Whidbey General Hospital says again, partnership not in future

With Whidbey General Hospital asking voters to approve a bond to pay for an expansion, one critic is arguing for hospital leaders to try something different.

With Whidbey General Hospital asking voters to approve a bond to pay for an expansion, one critic is arguing for hospital leaders to try something different.

Mark Borden, one-time hospital emergency room physician turned staunch Whidbey General critic, thinks it would be a godsend if the hospital would partner with a larger company, such as Providence Health and Services.

“It would make the difference between a crummy hospital with a terrible reputation in our community and a good hospital,” said Borden, a Coupeville resident.

He blasted the leadership of current CEO Tom Tomasino, accusing him of dismantling the medical staff. He said the changes outlined in the hospital’s proposal, which includes single patient rooms, are unnecessary.

“Voting ‘No’ opens the door on hospital reform,” Borden said.

Whidbey General leaders, on the other hand, said such partnerships would sacrifice local control and could lead to a loss of health services and jobs on Whidbey Island.

Borden has an acrimonious relationship with Whidbey General Hospital, where he had worked in the emergency room for years. In 2011, his position with Northwest Emergency Physicians, the company Whidbey General Hospital contracts with for emergency room doctors, ended. Since then he has been working at Swedish Medical Center. He is also running what he describes as a patient advocacy website.

Whidbey General Hospital is asking voters to approve a $50 million bond that will fund construction of a new wing located on the south end of its Coupeville campus. That wing will include 39 single-patient rooms and space for future growth. The proposal needs to pass by a 60 percent supermajority for approval and ballots need to be postmarked by Tuesday in order to be counted. Mark Borden

The idea of having another entity run the hospital isn’t new. Capella Healthcare in 2011 wanted to take over operations, but following a lengthy public meeting where a majority of residents criticized the plan, the five-member, publicly elected board of commissioners rejected the for-profit company’s proposal.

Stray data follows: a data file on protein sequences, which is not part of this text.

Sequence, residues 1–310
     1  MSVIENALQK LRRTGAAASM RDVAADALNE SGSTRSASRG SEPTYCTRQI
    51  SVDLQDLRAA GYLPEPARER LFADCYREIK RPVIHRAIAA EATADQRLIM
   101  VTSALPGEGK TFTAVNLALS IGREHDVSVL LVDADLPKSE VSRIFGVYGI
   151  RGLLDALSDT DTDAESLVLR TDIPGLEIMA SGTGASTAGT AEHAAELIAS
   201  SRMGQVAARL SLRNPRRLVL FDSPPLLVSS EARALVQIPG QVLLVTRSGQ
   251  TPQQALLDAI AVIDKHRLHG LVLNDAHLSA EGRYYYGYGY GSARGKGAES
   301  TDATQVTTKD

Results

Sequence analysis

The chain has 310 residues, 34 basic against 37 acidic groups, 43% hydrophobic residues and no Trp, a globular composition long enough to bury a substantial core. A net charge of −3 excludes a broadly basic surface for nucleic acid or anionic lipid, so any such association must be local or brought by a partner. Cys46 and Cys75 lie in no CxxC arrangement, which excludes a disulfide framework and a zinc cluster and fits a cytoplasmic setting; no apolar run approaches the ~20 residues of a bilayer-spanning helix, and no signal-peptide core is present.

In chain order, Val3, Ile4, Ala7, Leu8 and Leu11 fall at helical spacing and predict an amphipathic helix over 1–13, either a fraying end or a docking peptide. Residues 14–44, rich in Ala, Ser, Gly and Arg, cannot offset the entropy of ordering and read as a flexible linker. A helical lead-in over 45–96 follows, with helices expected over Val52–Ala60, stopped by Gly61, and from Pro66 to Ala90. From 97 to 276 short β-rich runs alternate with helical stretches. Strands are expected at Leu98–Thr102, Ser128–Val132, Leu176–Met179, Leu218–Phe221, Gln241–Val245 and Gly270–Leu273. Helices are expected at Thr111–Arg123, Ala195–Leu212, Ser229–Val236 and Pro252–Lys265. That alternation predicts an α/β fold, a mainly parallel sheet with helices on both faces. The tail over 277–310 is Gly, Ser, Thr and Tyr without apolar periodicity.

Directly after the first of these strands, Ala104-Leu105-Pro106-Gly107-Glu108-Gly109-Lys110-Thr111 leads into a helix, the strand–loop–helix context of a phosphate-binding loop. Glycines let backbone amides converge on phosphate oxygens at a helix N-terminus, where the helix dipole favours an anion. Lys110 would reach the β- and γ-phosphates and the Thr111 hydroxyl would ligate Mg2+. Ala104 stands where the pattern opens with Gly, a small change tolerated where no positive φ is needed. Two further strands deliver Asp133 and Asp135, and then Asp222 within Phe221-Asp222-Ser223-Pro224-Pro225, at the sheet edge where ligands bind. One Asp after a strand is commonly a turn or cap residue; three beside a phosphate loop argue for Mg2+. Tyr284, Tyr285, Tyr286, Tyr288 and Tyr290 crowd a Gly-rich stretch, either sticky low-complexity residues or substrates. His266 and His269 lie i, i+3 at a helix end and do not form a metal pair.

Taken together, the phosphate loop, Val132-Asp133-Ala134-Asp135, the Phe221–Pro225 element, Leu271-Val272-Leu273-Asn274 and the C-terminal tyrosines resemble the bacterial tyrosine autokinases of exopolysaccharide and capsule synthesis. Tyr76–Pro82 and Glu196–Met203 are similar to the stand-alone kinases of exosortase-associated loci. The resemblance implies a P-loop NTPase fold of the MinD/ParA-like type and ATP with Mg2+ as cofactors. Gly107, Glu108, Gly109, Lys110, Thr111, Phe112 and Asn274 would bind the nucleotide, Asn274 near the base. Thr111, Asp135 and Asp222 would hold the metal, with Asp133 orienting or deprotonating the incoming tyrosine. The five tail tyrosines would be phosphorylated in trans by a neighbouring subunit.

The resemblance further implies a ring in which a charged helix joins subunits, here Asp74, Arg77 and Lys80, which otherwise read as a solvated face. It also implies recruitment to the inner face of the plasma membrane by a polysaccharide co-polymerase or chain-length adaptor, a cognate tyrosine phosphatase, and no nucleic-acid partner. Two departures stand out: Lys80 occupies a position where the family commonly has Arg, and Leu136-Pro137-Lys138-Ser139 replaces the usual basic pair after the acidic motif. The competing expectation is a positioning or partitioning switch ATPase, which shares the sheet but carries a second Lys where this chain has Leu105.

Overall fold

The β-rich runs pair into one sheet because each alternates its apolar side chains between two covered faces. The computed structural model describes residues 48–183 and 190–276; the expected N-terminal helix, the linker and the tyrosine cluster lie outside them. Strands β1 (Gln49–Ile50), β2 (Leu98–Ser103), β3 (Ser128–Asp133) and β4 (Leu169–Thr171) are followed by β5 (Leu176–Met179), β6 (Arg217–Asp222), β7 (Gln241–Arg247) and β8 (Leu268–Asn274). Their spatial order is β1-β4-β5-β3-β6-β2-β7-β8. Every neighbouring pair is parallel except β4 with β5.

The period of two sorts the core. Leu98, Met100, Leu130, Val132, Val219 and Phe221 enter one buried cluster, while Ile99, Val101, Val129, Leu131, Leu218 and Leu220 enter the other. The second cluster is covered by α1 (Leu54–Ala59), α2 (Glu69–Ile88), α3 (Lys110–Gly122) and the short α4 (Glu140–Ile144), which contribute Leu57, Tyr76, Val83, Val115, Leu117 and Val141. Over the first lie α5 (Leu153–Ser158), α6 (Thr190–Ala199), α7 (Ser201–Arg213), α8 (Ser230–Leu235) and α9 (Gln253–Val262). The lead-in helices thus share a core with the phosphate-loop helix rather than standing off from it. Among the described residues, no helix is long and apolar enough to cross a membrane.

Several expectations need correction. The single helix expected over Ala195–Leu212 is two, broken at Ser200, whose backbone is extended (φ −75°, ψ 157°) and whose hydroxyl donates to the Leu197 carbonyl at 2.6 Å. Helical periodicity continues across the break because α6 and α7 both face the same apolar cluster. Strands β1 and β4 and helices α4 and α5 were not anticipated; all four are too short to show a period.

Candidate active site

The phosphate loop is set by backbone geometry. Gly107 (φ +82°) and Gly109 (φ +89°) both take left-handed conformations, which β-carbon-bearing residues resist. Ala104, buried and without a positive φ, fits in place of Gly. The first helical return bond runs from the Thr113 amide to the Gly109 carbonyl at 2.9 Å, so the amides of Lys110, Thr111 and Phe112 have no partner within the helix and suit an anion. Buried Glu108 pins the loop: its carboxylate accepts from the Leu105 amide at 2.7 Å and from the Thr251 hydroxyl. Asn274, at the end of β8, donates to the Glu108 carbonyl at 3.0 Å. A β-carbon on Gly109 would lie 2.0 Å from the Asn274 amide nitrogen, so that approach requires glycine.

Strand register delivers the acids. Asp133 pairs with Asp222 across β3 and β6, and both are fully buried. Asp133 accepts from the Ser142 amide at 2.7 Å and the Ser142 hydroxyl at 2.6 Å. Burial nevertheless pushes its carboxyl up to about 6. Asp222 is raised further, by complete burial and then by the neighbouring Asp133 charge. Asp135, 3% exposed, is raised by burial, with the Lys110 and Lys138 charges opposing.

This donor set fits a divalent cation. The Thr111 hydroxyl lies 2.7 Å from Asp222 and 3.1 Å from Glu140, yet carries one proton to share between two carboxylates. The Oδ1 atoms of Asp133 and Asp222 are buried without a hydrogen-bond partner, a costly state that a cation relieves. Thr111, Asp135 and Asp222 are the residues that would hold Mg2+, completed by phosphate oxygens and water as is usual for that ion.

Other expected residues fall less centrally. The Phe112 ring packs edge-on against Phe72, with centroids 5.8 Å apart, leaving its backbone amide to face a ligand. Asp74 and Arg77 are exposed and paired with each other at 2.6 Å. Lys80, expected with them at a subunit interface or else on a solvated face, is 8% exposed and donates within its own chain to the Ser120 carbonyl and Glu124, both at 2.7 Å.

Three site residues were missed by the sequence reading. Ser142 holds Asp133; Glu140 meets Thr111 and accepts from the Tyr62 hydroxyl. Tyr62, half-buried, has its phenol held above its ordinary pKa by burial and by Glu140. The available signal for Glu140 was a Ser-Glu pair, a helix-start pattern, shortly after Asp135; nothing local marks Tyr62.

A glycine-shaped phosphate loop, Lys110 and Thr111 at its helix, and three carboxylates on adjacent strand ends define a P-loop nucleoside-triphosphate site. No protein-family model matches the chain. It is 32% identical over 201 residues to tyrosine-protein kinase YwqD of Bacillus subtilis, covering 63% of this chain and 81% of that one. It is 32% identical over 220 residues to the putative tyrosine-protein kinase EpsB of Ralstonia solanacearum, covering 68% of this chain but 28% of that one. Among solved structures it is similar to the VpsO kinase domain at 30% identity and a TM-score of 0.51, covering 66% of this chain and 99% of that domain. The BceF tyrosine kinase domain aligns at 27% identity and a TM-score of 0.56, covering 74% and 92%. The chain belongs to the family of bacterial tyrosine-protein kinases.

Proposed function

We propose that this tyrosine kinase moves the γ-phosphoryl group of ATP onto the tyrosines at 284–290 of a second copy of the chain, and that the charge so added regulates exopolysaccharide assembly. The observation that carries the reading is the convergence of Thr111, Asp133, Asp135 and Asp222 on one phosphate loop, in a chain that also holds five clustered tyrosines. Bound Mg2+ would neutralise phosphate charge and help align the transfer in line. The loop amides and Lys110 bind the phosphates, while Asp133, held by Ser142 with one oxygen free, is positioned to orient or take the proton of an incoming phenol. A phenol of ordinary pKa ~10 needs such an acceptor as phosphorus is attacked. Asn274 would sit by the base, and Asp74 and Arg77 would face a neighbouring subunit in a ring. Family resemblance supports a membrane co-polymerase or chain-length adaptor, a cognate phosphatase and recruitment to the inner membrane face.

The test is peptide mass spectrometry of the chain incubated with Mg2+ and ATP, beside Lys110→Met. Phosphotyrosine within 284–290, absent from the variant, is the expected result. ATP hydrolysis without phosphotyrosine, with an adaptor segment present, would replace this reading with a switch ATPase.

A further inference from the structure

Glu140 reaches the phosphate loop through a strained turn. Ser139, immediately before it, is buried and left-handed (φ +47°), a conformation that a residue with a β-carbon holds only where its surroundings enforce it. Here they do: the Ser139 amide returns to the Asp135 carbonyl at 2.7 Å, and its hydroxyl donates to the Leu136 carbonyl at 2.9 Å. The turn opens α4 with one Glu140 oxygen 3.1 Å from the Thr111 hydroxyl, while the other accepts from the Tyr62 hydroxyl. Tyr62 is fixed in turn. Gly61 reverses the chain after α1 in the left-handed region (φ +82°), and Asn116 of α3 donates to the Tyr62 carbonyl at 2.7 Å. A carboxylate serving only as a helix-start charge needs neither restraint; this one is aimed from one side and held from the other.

“Our preference would be to stay independent,” said Anne Tarrant, president of the Whidbey General Hospital board of commissioners.

She said the board is concerned the hospital could lose services off island and jobs if Whidbey General partners with another company.

“When someone affiliates, they are going to look at economies of scale,” Tarrant said. She added that the hospital also runs primary care facilities and rural health clinics and the future of those could be called into question if the hospital partners.

Other hospitals in the region have affiliated or have considered affiliating with other companies. Providence affiliated with Swedish Medical Center in Seattle.

Island Hospital, which operates in Anacortes, is waiting on a decision about affiliating with a larger hospital system. The Island Hospital Board of Commissioners is forming a community advisory committee to explore the issue, said Dennis Richards, spokesman for Island Hospital. He expects a decision in at least six months, but it could take longer.

As for the hospital’s reputation, Rose sent a laundry list of the accomplishments the hospital has made under the current leadership:

• Whidbey General received an outstanding achievement award from the Commission on Cancer, which is one of 79 hospitals to receive such an honor.

• The hospital has been recognized a dozen times by the Rural Healthcare Quality Network.

• A new electronic health record system, new MRI machine, CT scanner and a breast MRI scanner has been installed.

• Reduced infection rates and improved quality and patient satisfaction scores.

The current bond is identical to the proposal hospital leaders took to voters two years ago. Back then, 55.49 percent of the voters approved the bond election, which was short of the 60 percent supermajority required for approval.

Since then, Rose said in an email that “citizens, doctors, nurses and administrators have spoken to neighbors about the benefits of the bond and how it will improve quality of care on our island.”

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